They’re wrong, of course. Yes, I am blessed with a better than normal ability to string words together (although after reading this blog, you may well disagree) and maybe that does come from my father, but organisation? You see, while Bapuji may have been organising sports and cultural groups, concerts and business meetings, Mum was continually holding down the fort – she supported Bhai, Bapuji and the mortgage while Bapuji sent money to his family in India (and then brought them, all of them, to NZ); she played solo mum to my brother while Bapuji was serving the Indian community as President of various organisations simultaneously; she dealt with the lawyers and accountants; she was the one who would call the builders, the plumbers or the electricians if there was something that needed doing; she made sure that dinner, breakfasts and cups of tea were always ready regardless of what pressures she was under in her own full time job; for all of the accolades my father received in his lifetime, he knew more than anyone he more than owed them to her. Without Mum, Bapuji would have been a wreck.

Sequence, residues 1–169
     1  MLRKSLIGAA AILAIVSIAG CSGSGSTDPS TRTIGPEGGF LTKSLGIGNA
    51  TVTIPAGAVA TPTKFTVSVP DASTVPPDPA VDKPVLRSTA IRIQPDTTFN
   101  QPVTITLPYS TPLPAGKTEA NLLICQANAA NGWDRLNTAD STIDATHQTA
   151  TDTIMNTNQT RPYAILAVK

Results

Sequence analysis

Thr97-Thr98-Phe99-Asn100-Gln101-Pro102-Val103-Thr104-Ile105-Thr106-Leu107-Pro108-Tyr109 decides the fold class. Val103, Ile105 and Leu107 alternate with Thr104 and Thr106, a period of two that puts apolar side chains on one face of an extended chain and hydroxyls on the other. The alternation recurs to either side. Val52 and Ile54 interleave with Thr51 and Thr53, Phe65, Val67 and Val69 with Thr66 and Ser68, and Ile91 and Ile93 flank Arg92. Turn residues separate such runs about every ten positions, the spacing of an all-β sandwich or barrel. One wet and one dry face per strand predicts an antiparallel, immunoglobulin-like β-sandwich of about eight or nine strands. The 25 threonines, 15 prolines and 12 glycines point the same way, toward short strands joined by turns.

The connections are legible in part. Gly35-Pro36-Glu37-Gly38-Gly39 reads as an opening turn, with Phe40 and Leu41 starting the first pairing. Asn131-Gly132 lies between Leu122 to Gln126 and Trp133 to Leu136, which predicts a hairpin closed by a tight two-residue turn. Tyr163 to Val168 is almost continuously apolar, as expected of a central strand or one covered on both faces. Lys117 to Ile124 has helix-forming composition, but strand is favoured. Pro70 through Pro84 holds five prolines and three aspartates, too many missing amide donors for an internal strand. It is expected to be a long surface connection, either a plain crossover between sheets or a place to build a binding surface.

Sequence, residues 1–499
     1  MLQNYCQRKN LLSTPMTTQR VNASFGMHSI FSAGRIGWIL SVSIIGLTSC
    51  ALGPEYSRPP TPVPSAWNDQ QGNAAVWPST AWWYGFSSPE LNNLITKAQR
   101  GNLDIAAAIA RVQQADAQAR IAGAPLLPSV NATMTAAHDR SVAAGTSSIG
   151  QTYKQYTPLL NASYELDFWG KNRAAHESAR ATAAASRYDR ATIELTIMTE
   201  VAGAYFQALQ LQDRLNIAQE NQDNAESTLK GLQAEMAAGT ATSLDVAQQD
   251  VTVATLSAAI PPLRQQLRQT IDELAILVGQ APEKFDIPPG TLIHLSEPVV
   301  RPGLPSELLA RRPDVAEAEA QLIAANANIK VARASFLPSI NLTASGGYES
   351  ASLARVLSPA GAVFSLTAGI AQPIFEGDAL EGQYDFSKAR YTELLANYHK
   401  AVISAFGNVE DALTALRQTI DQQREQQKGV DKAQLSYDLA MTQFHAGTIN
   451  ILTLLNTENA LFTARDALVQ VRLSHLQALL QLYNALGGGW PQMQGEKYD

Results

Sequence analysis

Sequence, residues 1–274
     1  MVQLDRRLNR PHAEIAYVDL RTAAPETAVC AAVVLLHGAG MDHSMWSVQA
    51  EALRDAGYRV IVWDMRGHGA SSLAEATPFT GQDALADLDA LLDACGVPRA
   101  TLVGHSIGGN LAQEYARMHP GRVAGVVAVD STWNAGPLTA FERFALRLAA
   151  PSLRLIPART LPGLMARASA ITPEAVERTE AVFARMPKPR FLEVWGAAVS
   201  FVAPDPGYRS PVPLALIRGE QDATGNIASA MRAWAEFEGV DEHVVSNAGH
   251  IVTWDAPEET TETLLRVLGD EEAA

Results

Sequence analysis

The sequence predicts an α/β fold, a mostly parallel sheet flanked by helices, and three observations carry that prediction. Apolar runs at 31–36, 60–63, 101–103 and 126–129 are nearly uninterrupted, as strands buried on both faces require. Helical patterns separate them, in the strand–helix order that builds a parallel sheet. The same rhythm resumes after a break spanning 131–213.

So when he died, 15 years ago, people expected Mum to be lost, unable to find her way. Oddly enough people (and when I say people, I should say the Indians from our community) thought that because she chooses to wear a sari everyday she would be meek. They really didn’t know my mum very well. My mum is a force to be reckoned with, although a little naiive at times (or rather too trusting for her own good), Mum doesn’t suffer fools, you certainly don’t want to be on the bad side of her either, she may be small but she can put the fear of God into many a large organisation … Mum helped to bring down the Post Office … she is mighty!